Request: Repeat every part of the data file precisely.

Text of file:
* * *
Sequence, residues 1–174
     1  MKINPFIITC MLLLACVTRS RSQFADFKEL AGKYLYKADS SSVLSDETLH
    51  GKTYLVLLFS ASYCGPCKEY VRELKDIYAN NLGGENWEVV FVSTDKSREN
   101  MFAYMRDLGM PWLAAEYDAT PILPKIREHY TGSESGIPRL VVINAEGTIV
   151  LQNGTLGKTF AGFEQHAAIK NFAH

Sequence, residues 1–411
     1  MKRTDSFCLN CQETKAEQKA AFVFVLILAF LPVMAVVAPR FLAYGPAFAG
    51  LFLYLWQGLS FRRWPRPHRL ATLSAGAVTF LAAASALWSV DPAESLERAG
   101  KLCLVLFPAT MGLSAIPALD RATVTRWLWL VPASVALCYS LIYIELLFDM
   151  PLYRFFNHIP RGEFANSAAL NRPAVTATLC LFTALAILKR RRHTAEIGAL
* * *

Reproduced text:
Sequence, residues 1–174
     1  MKINPFIITC MLLLACVTRS RSQFADFKEL AGKYLYKADS SSVLSDETLH
    51  GKTYLVLLFS ASYCGPCKEY VRELKDIYAN NLGGENWEVV FVSTDKSREN
   101  MFAYMRDLGM PWLAAEYDAT PILPKIREHY TGSESGIPRL VVINAEGTIV
   151  LQNGTLGKTF AGFEQHAAIK NFAH

Sequence, residues 1–411
     1  MKRTDSFCLN CQETKAEQKA AFVFVLILAF LPVMAVVAPR FLAYGPAFAG
    51  LFLYLWQGLS FRRWPRPHRL ATLSAGAVTF LAAASALWSV DPAESLERAG
   101  KLCLVLFPAT MGLSAIPALD RATVTRWLWL VPASVALCYS LIYIELLFDM
   151  PLYRFFNHIP RGEFANSAAL NRPAVTATLC LFTALAILKR RRHTAEIGAL